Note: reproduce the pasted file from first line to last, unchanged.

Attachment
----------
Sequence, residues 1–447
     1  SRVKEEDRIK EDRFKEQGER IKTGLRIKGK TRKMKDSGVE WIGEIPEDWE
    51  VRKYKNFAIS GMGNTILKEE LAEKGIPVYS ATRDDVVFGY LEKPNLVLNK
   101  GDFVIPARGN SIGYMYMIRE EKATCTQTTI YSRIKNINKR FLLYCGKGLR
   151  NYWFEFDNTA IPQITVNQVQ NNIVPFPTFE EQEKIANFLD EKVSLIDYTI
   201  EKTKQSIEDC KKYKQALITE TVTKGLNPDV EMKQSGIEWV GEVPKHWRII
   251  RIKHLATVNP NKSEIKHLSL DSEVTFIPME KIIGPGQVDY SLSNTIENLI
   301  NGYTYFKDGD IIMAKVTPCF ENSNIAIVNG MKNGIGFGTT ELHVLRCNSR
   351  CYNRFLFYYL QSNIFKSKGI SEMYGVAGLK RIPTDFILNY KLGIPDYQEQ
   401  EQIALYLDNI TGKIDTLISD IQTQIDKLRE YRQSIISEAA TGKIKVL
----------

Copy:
Sequence, residues 1–447
     1  SRVKEEDRIK EDRFKEQGER IKTGLRIKGK TRKMKDSGVE WIGEIPEDWE
    51  VRKYKNFAIS GMGNTILKEE LAEKGIPVYS ATRDDVVFGY LEKPNLVLNK
   101  GDFVIPARGN SIGYMYMIRE EKATCTQTTI YSRIKNINKR FLLYCGKGLR
   151  NYWFEFDNTA IPQITVNQVQ NNIVPFPTFE EQEKIANFLD EKVSLIDYTI
   201  EKTKQSIEDC KKYKQALITE TVTKGLNPDV EMKQSGIEWV GEVPKHWRII
   251  RIKHLATVNP NKSEIKHLSL DSEVTFIPME KIIGPGQVDY SLSNTIENLI
   301  NGYTYFKDGD IIMAKVTPCF ENSNIAIVNG MKNGIGFGTT ELHVLRCNSR
   351  CYNRFLFYYL QSNIFKSKGI SEMYGVAGLK RIPTDFILNY KLGIPDYQEQ
   401  EQIALYLDNI TGKIDTLISD IQTQIDKLRE YRQSIISEAA TGKIKVL